Functional and evolutionary insights into human brain development through global transcriptome analysis.
ABSTRACT: Our understanding of the evolution, formation, and pathological disruption of human brain circuits is impeded by a lack of comprehensive data on the developing brain transcriptome. A whole-genome, exon-level expression analysis of 13 regions from left and right sides of the mid-fetal human brain revealed that 76% of genes are expressed, and 44% of these are differentially regulated. These data reveal a large number of specific gene expression and alternative splicing patterns, as well as coexpression networks, associated with distinct regions and neurodevelopmental processes. Of particular relevance to cognitive specializations, we have characterized the transcriptional landscapes of prefrontal cortex and perisylvian speech and language areas, which exhibit a population-level global expression symmetry. We show that differentially expressed genes are more frequently associated with human-specific evolution of putative cis-regulatory elements. These data provide a wealth of biological insights into the complex transcriptional and molecular underpinnings of human brain development and evolution.
Project description:Despite the well established role of the frontal and posterior perisylvian cortices in many facets of human-cognitive specializations, including language, little is known about the developmental patterning of these regions in the human brain. We performed a genome-wide analysis of human cerebral patterning during midgestation, a critical epoch in cortical regionalization. A total of 345 genes were identified as differentially expressed between superior temporal gyrus (STG) and the remaining cerebral cortex. Gene ontology categories representing transcription factors were enriched in STG, whereas cell-adhesion and extracellular matrix molecules were enriched in the other cortical regions. Quantitative RT-PCR or in situ hybridization was performed to validate differential expression in a subset of 32 genes, most of which were confirmed. LIM domain-binding 1 (LDB1), which we show to be enriched in the STG, is a recently identified interactor of LIM domain only 4 (LMO4), a gene known to be involved in the asymmetric pattering of the perisylvian region in the developing human brain. Protocadherin 17 (PCDH17), a neuronal cell adhesion molecule, was highly enriched in focal regions of the human prefrontal cortex. Contactin associated protein-like 2 (CNTNAP2), in which mutations are known to cause autism, epilepsy, and language delay, showed a remarkable pattern of anterior-enriched cortical expression in human that was not observed in mouse or rat. These data highlight the importance of expression analysis of human brain and the utility of cross-species comparisons of gene expression. Genes identified here provide a foundation for understanding molecular aspects of human-cognitive specializations and the disorders that disrupt them.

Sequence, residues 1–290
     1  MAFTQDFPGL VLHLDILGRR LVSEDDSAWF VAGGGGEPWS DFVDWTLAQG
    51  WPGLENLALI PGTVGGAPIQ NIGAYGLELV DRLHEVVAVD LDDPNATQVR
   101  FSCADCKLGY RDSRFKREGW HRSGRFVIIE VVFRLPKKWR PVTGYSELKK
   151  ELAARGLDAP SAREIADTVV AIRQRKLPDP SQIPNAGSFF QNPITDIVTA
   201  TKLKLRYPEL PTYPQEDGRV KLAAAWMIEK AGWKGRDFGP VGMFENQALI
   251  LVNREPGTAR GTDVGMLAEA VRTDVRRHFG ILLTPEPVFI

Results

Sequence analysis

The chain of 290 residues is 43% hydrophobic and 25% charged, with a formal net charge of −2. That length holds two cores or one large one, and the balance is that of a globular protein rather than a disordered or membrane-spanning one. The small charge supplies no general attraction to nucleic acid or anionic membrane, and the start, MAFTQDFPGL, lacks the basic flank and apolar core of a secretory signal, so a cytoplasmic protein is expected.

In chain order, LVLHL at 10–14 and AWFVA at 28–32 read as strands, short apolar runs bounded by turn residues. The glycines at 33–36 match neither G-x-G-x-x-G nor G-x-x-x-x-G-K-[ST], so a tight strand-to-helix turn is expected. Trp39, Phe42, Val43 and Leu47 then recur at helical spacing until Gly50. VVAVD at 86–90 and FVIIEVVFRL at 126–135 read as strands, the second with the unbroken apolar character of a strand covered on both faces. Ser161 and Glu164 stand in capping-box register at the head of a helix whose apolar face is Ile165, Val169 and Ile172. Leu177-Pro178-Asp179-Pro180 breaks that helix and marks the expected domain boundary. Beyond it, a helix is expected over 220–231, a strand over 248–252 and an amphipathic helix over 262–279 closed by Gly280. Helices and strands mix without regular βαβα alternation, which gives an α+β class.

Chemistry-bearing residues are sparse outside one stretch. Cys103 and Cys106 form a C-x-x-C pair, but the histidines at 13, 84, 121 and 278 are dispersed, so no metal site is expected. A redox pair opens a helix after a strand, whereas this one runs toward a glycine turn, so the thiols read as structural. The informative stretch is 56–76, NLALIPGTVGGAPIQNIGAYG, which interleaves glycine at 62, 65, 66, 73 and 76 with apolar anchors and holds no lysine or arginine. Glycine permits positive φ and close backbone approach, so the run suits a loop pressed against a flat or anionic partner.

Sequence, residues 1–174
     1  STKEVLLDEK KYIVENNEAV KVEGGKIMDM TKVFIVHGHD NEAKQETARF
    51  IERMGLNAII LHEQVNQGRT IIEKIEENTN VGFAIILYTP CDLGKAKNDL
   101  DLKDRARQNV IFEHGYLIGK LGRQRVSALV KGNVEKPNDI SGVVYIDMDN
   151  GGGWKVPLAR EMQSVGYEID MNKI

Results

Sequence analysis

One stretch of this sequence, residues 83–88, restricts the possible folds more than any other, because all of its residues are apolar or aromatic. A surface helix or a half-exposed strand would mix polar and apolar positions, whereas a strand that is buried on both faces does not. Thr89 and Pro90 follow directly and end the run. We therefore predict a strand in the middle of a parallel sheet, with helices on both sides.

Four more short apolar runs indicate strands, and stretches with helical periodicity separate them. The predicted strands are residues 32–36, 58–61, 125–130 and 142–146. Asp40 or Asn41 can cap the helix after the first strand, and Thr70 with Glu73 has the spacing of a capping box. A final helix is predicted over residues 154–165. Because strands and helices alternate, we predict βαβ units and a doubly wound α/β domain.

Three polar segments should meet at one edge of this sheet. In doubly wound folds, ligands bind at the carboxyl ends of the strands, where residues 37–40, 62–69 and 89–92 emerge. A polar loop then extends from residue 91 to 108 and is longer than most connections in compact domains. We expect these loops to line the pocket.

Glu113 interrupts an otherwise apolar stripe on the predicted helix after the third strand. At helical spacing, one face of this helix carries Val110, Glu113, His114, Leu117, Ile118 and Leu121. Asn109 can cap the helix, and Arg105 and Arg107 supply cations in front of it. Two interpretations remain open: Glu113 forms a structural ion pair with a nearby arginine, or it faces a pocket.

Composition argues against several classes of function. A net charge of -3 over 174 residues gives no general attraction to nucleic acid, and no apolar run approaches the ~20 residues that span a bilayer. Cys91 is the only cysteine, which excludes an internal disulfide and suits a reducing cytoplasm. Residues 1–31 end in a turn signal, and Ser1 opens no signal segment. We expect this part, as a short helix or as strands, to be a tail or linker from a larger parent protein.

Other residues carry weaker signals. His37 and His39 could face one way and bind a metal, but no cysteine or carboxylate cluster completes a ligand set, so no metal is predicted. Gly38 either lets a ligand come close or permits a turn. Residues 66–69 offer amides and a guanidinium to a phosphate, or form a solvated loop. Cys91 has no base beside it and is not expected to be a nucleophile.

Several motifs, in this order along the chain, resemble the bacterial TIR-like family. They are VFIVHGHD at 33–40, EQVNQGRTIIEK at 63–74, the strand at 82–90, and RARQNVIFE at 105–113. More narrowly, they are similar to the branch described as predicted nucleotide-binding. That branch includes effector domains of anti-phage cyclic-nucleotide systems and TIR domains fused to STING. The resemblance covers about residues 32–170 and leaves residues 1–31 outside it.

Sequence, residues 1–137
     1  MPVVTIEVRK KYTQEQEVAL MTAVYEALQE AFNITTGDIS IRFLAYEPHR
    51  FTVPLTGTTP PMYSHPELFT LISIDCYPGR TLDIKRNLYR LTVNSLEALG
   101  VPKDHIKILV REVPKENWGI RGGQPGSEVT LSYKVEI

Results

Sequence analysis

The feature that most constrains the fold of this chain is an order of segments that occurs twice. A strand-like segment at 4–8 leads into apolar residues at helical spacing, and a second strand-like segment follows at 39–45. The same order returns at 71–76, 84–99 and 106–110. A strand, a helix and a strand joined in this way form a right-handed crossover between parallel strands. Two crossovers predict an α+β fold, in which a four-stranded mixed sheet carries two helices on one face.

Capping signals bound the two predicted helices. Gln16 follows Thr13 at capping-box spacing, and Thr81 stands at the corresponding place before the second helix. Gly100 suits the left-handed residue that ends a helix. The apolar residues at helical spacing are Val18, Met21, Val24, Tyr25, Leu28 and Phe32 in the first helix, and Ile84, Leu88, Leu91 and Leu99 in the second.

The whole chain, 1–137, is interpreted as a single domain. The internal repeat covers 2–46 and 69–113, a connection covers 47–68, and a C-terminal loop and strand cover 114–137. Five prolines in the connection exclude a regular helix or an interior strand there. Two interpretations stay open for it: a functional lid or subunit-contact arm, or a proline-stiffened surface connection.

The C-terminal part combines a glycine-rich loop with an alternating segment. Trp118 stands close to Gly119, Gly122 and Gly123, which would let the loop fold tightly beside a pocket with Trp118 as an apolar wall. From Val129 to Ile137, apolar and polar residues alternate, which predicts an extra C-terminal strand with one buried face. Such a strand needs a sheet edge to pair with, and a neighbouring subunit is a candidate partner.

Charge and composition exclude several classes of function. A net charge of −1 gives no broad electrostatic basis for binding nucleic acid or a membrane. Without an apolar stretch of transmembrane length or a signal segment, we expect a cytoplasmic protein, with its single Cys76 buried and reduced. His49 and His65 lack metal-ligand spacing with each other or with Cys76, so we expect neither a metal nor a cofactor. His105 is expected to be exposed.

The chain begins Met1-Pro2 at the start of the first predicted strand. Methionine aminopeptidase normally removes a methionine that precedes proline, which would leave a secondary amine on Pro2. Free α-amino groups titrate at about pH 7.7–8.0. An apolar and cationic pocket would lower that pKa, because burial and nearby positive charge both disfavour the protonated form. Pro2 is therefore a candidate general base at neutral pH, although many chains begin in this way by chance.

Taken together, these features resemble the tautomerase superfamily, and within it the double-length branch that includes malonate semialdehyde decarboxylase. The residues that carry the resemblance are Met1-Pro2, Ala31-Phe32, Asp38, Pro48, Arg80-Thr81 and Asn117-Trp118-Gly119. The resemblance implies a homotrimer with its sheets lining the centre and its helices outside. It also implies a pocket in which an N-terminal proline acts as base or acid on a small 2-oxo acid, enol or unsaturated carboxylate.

Project description:The human left and right cerebral hemispheres are anatomically and functionally asymmetric. To test whether human cortical asymmetry has a molecular basis, we studied gene expression levels between the left and right embryonic hemispheres using serial analysis of gene expression (SAGE). We identified and verified 27 differentially expressed genes, which suggests that human cortical asymmetry is accompanied by early, marked transcriptional asymmetries. LMO4 is consistently more highly expressed in the right perisylvian human cerebral cortex than in the left and is essential for cortical development in mice, suggesting that human left-right specialization reflects asymmetric cortical development at early stages.